The Boxer Rebellion in China.—For a nation with a world-wide trade, steadily growing, as the progress of home industries redoubled the zeal for new markets, isolation was obviously impossible. Never was this clearer than in 1900 when a native revolt against foreigners in China, known as the Boxer uprising, compelled the United States to join with the powers of Europe in a military expedition and a diplomatic settlement. The Boxers, a Chinese association, had for some time carried on a campaign of hatred against all aliens in the Celestial empire, calling upon the natives to rise in patriotic wrath and drive out the foreigners who, they said, "were lacerating China like tigers." In the summer of 1900 the revolt flamed up in deeds of cruelty. Missionaries and traders were murdered in the provinces; foreign legations were stoned; the German ambassador, one of the most cordially despised foreigners, was killed in the streets of Peking; and to all appearances a frightful war of extermination had begun. In the month of June nearly five hundred men, women, and children, representing all nations, were besieged in the British quarters in Peking under constant fire of Chinese guns and in peril of a terrible death.
Intervention in China.—Nothing but the arrival of armed forces, made up of Japanese, Russian, British, American, French, and German soldiers and marines, prevented the destruction of the beleaguered aliens. When once the foreign troops were in possession of the Chinese capital, diplomatic questions of the most delicate character arose. For more than half a century, the imperial powers of Europe had been carving up the Chinese empire, taking to themselves territory, railway concessions, mining rights, ports, and commercial privileges at the expense of the huge but helpless victim. The United States alone among the great nations, while as zealous as any in the pursuit of peaceful trade, had refrained from seizing Chinese territory or ports. Moreover, the Department of State had been urging European countries to treat China with fairness, to respect her territorial integrity, and to give her equal trading privileges with all nations.The American Policy of the "Open Door."—In the autumn of 1899, Secretary Hay had addressed to London, Berlin, Rome, Paris, Tokyo, and St. Petersburg his famous note on the "open door" policy in China. In this document he proposed that existing treaty ports and vested interests of the several foreign countries should be respected; that the Chinese government should be permitted to extend its tariffs to all ports held by alien powers except the few free ports; and that there should be no discrimination in railway and port charges among the citizens of foreign countries operating in the empire. To these principles the governments addressed by Mr. Hay, finally acceded with evident reluctance.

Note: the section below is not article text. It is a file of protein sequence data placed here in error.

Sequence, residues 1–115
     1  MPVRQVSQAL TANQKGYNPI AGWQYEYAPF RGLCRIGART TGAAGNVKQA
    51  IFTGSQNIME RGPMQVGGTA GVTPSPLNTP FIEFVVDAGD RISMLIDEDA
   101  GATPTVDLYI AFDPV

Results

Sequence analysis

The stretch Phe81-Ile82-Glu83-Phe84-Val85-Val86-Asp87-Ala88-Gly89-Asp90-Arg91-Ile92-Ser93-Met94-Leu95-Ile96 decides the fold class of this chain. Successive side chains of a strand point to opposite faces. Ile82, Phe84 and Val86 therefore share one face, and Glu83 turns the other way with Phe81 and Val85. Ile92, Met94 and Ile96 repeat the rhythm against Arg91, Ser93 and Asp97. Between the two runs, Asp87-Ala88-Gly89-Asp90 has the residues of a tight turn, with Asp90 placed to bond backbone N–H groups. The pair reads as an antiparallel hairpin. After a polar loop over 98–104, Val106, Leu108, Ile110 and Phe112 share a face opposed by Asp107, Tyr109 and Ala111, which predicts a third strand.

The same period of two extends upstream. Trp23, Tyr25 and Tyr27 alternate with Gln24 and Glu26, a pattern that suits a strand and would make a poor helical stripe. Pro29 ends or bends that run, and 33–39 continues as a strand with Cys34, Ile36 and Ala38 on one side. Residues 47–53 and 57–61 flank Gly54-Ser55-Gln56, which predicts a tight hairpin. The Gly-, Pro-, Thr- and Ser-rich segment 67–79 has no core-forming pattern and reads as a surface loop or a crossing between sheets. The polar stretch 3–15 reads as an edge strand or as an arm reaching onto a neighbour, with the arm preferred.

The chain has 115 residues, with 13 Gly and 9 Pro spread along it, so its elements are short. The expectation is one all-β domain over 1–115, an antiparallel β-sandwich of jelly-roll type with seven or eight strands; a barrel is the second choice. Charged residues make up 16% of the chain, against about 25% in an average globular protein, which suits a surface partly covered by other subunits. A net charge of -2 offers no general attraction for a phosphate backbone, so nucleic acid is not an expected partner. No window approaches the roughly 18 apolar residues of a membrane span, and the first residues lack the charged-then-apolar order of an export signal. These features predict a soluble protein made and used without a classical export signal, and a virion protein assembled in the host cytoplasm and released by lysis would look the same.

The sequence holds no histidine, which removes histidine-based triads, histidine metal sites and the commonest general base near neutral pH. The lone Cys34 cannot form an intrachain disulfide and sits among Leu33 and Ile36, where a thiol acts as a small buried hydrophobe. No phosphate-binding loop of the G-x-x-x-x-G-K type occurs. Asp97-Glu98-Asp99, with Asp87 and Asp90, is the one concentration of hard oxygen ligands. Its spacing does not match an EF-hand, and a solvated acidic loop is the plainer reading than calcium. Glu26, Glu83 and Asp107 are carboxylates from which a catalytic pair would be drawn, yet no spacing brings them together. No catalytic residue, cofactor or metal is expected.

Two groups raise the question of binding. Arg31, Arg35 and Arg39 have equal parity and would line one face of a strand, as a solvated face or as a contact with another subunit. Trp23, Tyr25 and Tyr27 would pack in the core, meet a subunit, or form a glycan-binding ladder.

On this basis he then proposed the settlement that had to follow the Boxer uprising. "The policy of the Government of the United States," he said to the great powers, in the summer of 1900, "is to seek a solution which may bring about permanent safety and peace to China, preserve Chinese territorial and administrative entity, protect all rights guaranteed to friendly powers by treaty and international law, and safeguard for the world the principle of equal and impartial trade with all parts of the Chinese empire." This was a friendly warning to the world that the United States would not join in a scramble to punish the Chinese by carving out more territory. "The moment we acted," said Mr. Hay, "the rest of the world paused and finally came over to our ground; and the German government, which is generally brutal but seldom silly, recovered its senses, and climbed down off its perch."
In taking this position, the Secretary of State did but reflect the common sense of America. "We are, of course," he explained, "opposed to the dismemberment of that empire and we do not think that the public opinion of the United States would justify this government in taking part in the great game of spoliation now going on." Heavy damages were collected by the European powers from China for the injuries inflicted upon their citizens by the Boxers; but the United States, finding the sum awarded in excess of the legitimate claims, returned the balance in the form of a fund to be applied to the education of Chinese students in American universities. "I would rather be, I think," said Mr. Hay, "the dupe of China than the chum of the Kaiser." By pursuing a liberal policy, he strengthened the hold of the United States upon the affections of the Chinese people and, in the long run, as he remarked himself, safeguarded "our great commercial interests in that Empire."